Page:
The future could be tough for S&P/ASX 300 Index (ASX: XKO) retail shares. Morgan Stanley has reportedly warned Australia’s retail sector could face similar headwinds to those recently impacting US retail giants.
Let’s take a closer look at why the financial services provider is reportedly wary of the retail sector.
Are ASX 300 retail shares about to face headwinds?
ASX 300 retail shares beware. Morgan Stanley warns Australia’s retail sector may face the same consumer trends that recently dinted some US retail monoliths.
Target Corporation (NYSE: TGT)’s stock tumbled nearly 25% on the back of a trading update last week. Within the release, the company announced fewer sales had forced it to discount merchandise to clear inventory.
That, and a similar story over at Walmart Inc (NYSE: WMT), helped spark a sell-off among US-listed retail shares.
And Morgan Stanley equity strategists believe such happenings could soon make it to Aussie shores, according to The Australian.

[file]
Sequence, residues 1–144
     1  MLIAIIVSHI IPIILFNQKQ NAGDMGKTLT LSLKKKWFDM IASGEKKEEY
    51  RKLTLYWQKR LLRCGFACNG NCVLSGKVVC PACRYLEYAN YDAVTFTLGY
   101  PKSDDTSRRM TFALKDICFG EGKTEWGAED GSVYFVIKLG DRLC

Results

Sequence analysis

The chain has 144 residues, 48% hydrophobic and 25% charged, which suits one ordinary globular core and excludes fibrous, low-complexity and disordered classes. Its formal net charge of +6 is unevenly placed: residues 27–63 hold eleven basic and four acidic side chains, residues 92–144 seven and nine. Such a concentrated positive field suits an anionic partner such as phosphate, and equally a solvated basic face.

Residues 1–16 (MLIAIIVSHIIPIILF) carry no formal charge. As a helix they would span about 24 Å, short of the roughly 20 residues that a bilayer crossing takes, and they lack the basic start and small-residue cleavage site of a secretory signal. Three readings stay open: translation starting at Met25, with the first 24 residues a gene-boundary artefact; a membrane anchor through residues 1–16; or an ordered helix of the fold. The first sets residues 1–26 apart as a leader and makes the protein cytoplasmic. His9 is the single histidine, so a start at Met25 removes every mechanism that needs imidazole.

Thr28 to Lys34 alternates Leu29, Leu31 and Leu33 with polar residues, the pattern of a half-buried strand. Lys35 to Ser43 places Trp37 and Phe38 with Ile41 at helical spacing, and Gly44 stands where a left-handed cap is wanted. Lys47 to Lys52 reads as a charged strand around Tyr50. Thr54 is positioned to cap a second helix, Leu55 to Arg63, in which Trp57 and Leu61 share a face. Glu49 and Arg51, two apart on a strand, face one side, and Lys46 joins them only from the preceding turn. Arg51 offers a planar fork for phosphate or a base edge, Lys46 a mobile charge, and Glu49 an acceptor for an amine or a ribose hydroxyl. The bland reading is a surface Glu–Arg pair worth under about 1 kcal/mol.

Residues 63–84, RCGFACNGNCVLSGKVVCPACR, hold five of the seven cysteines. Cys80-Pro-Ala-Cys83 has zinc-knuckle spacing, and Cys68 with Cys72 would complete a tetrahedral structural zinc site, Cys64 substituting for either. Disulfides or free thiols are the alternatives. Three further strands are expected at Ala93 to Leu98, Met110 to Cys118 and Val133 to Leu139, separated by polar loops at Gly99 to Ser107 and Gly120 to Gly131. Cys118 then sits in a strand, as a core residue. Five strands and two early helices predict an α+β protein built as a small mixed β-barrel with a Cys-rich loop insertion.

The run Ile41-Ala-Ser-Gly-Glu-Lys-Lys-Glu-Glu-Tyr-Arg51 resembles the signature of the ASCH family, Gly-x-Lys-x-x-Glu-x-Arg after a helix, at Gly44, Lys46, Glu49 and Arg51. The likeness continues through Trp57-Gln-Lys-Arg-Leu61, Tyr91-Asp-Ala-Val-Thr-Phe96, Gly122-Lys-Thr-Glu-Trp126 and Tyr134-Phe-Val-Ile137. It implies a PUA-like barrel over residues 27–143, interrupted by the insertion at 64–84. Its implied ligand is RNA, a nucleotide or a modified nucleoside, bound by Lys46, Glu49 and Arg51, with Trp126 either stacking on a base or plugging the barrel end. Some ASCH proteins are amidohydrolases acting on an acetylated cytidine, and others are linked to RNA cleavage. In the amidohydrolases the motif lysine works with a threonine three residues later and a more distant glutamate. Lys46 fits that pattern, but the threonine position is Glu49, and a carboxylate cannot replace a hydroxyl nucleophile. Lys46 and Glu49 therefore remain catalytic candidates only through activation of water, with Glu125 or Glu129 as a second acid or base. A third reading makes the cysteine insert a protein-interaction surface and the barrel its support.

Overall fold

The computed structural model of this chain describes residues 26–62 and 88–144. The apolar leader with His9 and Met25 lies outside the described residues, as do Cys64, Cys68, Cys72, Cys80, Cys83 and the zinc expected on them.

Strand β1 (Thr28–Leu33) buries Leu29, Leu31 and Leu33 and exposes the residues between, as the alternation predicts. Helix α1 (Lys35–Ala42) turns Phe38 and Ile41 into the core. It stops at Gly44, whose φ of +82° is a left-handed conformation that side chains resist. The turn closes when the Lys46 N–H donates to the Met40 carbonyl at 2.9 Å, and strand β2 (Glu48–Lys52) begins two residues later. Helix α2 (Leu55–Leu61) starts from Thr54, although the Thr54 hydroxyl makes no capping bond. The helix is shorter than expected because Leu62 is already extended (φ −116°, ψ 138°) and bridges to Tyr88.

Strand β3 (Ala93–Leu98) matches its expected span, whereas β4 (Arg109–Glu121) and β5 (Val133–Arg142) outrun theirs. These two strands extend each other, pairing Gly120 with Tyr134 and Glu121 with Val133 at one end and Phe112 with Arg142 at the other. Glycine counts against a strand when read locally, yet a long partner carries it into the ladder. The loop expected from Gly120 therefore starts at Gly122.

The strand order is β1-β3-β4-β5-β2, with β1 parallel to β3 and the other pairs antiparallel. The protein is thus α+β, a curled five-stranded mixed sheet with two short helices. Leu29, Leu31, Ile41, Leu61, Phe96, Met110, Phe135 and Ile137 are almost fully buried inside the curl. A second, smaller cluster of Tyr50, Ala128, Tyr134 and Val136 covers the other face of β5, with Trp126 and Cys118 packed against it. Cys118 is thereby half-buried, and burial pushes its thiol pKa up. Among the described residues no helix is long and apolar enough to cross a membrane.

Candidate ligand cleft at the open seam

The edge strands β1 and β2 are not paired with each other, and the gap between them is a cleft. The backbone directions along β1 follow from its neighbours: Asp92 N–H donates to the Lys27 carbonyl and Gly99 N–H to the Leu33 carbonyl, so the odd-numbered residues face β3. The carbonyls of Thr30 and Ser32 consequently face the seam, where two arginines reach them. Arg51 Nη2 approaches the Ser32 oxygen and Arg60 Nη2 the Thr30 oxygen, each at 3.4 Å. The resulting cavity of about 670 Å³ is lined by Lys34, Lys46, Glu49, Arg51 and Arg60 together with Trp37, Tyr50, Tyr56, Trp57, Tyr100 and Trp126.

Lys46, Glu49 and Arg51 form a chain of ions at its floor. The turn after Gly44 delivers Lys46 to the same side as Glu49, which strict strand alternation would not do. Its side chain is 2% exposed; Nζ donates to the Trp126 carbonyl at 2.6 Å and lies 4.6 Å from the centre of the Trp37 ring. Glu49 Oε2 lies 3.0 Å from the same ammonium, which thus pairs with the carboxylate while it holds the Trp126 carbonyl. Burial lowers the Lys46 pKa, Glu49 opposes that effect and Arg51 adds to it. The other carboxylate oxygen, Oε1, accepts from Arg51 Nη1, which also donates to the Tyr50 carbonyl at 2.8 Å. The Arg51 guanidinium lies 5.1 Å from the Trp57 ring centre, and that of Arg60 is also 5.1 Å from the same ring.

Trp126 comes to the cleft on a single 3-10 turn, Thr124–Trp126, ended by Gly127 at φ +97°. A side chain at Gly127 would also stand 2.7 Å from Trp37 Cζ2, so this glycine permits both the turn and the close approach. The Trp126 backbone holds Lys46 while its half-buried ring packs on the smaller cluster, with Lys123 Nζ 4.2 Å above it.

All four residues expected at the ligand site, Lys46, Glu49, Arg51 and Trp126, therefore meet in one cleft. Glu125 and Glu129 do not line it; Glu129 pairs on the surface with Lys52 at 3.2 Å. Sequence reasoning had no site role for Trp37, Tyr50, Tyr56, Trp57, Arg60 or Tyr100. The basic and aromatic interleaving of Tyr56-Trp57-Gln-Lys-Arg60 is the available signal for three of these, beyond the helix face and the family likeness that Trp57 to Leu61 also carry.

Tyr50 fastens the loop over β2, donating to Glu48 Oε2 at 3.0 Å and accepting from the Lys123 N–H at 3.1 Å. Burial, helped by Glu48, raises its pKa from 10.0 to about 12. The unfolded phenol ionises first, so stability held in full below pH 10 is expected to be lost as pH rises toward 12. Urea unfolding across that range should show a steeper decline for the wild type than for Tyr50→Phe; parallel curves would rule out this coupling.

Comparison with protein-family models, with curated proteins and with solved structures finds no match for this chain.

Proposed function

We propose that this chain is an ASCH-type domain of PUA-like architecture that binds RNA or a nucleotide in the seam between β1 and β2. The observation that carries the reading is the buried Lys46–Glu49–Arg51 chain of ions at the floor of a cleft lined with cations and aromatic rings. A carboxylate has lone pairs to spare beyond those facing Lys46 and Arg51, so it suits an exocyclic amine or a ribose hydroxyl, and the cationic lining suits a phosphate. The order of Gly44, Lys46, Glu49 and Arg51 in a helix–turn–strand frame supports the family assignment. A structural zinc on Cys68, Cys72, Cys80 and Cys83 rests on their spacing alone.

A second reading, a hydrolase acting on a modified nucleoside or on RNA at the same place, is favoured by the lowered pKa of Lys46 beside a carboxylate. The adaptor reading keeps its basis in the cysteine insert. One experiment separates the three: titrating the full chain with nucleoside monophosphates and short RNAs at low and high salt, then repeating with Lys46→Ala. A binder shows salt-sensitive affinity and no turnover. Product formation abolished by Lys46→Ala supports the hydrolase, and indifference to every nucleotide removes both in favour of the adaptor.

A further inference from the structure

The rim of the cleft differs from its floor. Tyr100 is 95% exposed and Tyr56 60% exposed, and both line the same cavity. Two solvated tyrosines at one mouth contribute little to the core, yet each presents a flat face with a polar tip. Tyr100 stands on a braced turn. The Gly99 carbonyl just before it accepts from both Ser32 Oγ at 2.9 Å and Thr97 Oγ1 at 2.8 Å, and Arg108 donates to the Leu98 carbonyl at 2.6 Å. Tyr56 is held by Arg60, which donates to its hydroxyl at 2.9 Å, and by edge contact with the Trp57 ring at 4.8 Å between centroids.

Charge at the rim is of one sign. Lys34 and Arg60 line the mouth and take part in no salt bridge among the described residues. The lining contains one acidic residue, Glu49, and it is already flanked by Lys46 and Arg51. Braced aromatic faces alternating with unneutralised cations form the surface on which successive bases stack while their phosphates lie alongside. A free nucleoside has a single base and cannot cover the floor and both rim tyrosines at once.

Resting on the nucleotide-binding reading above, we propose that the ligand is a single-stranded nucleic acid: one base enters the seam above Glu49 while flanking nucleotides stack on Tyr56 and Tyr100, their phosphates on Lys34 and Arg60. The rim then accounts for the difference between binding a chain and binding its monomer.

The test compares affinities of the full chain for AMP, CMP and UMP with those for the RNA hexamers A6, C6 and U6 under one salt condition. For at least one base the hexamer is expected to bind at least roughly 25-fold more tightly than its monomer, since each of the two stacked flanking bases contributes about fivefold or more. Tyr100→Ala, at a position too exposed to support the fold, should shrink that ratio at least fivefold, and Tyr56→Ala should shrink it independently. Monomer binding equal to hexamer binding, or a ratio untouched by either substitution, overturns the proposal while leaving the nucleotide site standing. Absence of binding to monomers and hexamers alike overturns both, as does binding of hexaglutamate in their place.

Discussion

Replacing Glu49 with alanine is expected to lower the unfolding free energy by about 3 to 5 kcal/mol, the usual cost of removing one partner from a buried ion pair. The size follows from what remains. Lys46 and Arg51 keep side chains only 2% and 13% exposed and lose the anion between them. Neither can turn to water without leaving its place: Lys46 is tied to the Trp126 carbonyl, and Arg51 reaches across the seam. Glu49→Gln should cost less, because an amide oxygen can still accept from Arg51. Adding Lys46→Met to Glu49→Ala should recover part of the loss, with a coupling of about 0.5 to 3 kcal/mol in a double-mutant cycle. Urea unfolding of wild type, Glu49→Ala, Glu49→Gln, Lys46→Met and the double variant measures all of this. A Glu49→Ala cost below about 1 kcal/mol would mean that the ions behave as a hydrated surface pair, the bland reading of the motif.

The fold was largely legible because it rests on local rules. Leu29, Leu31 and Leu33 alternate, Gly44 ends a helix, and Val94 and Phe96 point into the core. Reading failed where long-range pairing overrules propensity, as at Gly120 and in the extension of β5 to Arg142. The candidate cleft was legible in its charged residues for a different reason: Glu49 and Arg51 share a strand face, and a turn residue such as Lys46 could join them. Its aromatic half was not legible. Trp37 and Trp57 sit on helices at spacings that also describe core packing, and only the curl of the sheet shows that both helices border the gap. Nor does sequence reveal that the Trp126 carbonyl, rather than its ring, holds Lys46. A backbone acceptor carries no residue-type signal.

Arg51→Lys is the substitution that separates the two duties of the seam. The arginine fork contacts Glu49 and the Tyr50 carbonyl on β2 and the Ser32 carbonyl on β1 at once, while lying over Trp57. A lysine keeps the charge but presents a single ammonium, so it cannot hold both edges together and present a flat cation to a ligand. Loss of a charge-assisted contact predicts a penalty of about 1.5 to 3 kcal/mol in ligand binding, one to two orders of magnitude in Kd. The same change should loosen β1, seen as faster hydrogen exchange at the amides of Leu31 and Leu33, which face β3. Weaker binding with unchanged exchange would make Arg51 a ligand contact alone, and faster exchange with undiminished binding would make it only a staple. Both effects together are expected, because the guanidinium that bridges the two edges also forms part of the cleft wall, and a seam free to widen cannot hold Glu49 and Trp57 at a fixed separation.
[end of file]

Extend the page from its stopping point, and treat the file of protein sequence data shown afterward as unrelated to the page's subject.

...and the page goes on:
“US retail experience around wallet shift, cost pressures, and inventory overbuild raise questions for our market,” Morgan Stanley equity strategists, led by Chris Nicol, were quoted by the publication as saying.
They said US retailers were caught off guard as consumers moved away from durables and towards consumables due to rising inflation. That came alongside higher fuel prices, leading to greater costs for retailers.
“These effects are also building in Australia and are arguably not reflected in consensus sales and earnings estimates that in aggregate have only seen positive revision momentum during Covid boosts and reopening benefits.”
One red flag for Morgan Stanley is ASX 300 retail shares building up inventories due to supply chain challenges. This could backfire and lead to discounting.
City Chic was among the retailers deliberately bolstering its inventory last half. It was doing so in an attempt to ward off stock shortages during key sales periods.
Australia’s 13.6% savings rate will likely protect the sector for now. But Morgan Stanley is reportedly wary it might not translate to greater spending.
[M]uch of this savings drawdown is centred in recovering services categories, as well as absorbing headwinds from rising costs of living and higher interest rates.
Should consumers hedge future impact with caution in other categories this would also inhibit the level and pace of the ultimate drawdown in savings – with discretionary goods most vulnerable to spending adjustment.